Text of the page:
AeroVironment Unveils Switchblade 600 Loitering Missile

Switchblade 600
Credit: AeroVironment

AeroVironment has unveiled a tube-launched loitering missile with an armor-piercing warhead and nearly three times the endurance of the original, man-portable Switchblade 300. 

The new Switchblade 600 also is designed to be man-portable, while a “six-pack,” vehicle-mounted version will be offered for the U.S. Marine Corps. The Marines have a pending request for proposals for an Organic Precision Fires-Mounted (OPF-M) system, said Brett Hush, senior general manager of AeroVironment’s Tactical Missile Systems. 

The Marines plan to conduct a fly-off of candidate OPF-M systems in January, then select a single supplier, Hush said. OPF-M will be added to the Marines’ Light Armored Vehicles, providing a long-range precision fires capability against targets up to 40 km away.

“We pioneered this category, and we continue to develop and introduce new capabilities,” said Wahid Nawabi, AeroVironment CEO. 

The Switchblade 300 entered service in 2011 with the Army as essentially a flying, precision-guided grenade. The tube-launched missile is equipped with electro-optic and infrared cameras and an anti-personnel warhead. Once airborne, an operator on the ground can use the live video feed to identify and guide the missile to the target. The battery-operated Switchblade 300 comes with an endurance of 15 min.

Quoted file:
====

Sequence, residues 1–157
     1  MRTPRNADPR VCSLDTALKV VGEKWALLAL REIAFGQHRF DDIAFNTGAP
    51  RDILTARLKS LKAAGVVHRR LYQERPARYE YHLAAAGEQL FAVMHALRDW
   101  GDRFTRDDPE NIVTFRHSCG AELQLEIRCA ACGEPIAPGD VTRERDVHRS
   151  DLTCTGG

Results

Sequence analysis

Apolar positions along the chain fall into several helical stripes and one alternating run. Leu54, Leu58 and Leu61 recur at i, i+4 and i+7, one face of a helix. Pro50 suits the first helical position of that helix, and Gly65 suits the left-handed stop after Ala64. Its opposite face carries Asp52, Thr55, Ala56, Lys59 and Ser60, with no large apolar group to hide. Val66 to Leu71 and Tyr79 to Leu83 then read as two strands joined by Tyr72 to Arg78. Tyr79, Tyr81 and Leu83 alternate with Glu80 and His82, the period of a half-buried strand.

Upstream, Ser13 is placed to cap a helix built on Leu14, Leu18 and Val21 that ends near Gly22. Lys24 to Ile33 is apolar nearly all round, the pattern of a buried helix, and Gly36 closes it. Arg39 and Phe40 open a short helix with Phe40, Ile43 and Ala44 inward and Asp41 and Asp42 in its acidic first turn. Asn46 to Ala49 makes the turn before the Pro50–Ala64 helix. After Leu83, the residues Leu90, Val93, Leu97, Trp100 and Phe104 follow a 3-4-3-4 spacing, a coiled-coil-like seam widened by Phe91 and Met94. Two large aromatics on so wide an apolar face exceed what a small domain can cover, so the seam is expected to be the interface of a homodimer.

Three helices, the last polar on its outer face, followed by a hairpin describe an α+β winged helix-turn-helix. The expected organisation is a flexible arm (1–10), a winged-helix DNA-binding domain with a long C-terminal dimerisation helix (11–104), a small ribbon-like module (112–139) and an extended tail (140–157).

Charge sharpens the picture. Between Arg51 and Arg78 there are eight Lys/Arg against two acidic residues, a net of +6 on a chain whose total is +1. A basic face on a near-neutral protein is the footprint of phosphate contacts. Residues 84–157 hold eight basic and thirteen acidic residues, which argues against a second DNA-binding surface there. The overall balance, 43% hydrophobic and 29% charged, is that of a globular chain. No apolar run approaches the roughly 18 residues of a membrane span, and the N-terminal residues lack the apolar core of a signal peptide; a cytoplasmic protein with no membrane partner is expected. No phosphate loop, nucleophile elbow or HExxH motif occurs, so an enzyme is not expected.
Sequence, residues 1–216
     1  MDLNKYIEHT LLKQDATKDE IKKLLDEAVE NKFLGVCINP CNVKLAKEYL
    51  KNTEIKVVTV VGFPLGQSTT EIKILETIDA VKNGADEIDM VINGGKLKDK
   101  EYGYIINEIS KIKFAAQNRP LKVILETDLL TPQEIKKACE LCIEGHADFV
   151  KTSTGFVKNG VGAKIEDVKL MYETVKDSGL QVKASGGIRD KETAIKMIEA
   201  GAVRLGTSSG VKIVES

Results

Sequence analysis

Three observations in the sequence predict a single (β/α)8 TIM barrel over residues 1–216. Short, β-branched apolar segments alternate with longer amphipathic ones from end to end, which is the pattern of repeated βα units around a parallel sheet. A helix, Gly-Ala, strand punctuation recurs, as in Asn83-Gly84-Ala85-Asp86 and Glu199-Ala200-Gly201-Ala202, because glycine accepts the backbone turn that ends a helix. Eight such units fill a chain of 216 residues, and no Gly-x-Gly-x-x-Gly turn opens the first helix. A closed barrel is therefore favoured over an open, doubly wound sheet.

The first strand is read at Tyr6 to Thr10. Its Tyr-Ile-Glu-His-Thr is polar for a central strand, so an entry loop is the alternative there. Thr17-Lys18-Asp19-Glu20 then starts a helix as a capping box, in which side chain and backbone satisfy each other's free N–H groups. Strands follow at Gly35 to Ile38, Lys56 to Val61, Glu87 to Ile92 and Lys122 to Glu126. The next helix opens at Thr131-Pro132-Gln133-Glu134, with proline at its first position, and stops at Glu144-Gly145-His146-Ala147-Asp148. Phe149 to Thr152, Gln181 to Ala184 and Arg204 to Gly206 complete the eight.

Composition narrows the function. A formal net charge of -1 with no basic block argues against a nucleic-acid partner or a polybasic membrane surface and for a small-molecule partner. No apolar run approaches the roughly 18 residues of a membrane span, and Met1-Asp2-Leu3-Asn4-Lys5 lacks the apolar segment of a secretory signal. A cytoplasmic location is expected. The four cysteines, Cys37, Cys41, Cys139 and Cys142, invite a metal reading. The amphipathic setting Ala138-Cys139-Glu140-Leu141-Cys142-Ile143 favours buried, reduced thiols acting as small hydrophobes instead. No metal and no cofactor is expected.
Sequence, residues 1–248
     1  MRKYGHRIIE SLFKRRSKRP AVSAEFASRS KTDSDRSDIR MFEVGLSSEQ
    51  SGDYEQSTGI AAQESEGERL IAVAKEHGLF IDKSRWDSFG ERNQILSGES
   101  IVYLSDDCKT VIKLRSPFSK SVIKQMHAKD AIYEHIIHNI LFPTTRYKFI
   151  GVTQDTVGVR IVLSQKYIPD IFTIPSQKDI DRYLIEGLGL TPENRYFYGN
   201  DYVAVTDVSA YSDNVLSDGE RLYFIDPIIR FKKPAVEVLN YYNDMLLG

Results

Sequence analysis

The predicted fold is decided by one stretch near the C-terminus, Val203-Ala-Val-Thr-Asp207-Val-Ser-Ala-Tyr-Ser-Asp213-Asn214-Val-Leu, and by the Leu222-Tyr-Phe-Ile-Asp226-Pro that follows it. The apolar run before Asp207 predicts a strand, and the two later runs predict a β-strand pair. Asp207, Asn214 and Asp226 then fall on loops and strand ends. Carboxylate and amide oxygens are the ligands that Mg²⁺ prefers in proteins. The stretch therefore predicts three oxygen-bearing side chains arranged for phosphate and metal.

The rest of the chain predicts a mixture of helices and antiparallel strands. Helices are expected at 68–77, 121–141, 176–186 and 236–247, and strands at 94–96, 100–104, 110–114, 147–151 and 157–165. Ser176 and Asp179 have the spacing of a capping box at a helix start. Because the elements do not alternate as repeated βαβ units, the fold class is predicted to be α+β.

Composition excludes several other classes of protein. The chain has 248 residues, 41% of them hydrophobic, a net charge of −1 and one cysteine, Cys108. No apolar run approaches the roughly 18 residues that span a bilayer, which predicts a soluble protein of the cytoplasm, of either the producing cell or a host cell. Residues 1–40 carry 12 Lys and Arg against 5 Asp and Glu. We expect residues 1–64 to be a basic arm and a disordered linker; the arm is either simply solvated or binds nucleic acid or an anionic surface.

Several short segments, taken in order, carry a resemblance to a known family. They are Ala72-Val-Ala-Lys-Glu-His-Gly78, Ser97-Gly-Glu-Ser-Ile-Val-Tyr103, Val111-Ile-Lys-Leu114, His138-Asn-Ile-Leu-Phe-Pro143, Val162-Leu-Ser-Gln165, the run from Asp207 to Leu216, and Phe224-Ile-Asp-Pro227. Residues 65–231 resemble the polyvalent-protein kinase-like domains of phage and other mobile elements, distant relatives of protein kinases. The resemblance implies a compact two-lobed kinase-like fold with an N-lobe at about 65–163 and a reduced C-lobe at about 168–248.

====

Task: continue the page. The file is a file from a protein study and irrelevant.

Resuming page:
The Switchblade 600 is designed to fly about 40 km in 20 min., then loiter in the target area for another 20 min., said Todd Hanning, AeroVironment’s product line manager for Tactical Missile Systems. The missile is fielded now with an anti-armor warhead, but it is capable in the future of carrying other payloads, such as an anti-radiation capability, Hanning said. 

So far, AeroVironment has performed 60 test flights of the Switchblade 600 against fixed and moving targets, Hush said. The test flights have all been ground-launched, but the Switchblade 600 also is designed for air- and surface launch, he said. 

The current design of the Switchblade 600 does not make it a recoverable system, but AeroVironment has launched a project to add that capability to the missile in the future, Hush said.

Steve Trimble

Steve covers military aviation, missiles and space for the Aviation Week Network, based in Washington DC.


1 Comment
Commenting on the "recoverable" capability: I discussed this with an operator some years ago, and his comment was, "If I launch a munition, I sure as hell don't want it coming back!"